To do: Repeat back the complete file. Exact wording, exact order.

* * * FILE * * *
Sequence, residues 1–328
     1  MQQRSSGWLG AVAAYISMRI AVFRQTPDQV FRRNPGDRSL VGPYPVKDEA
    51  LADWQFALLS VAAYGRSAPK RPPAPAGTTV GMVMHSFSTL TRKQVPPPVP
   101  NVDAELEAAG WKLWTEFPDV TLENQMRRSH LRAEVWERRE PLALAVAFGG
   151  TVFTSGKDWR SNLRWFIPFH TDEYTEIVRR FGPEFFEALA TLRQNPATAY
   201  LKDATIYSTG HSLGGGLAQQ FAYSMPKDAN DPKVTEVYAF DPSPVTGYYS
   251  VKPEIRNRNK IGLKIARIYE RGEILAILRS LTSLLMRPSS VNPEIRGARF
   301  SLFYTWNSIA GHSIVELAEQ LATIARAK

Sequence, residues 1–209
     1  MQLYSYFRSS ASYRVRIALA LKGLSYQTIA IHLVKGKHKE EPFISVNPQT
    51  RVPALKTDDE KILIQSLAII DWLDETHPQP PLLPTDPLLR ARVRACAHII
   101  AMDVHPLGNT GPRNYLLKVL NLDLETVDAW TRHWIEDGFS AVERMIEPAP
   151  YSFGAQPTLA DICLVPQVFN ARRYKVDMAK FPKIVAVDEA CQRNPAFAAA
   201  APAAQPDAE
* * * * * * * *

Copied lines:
Sequence, residues 1–328
     1  MQQRSSGWLG AVAAYISMRI AVFRQTPDQV FRRNPGDRSL VGPYPVKDEA
    51  LADWQFALLS VAAYGRSAPK RPPAPAGTTV GMVMHSFSTL TRKQVPPPVP
   101  NVDAELEAAG WKLWTEFPDV TLENQMRRSH LRAEVWERRE PLALAVAFGG
   151  TVFTSGKDWR SNLRWFIPFH TDEYTEIVRR FGPEFFEALA TLRQNPATAY
   201  LKDATIYSTG HSLGGGLAQQ FAYSMPKDAN DPKVTEVYAF DPSPVTGYYS
   251  VKPEIRNRNK IGLKIARIYE RGEILAILRS LTSLLMRPSS VNPEIRGARF
   301  SLFYTWNSIA GHSIVELAEQ LATIARAK

Sequence, residues 1–209
     1  MQLYSYFRSS ASYRVRIALA LKGLSYQTIA IHLVKGKHKE EPFISVNPQT
    51  RVPALKTDDE KILIQSLAII DWLDETHPQP PLLPTDPLLR ARVRACAHII
   101  AMDVHPLGNT GPRNYLLKVL NLDLETVDAW TRHWIEDGFS AVERMIEPAP
   151  YSFGAQPTLA DICLVPQVFN ARRYKVDMAK FPKIVAVDEA CQRNPAFAAA
   201  APAAQPDAE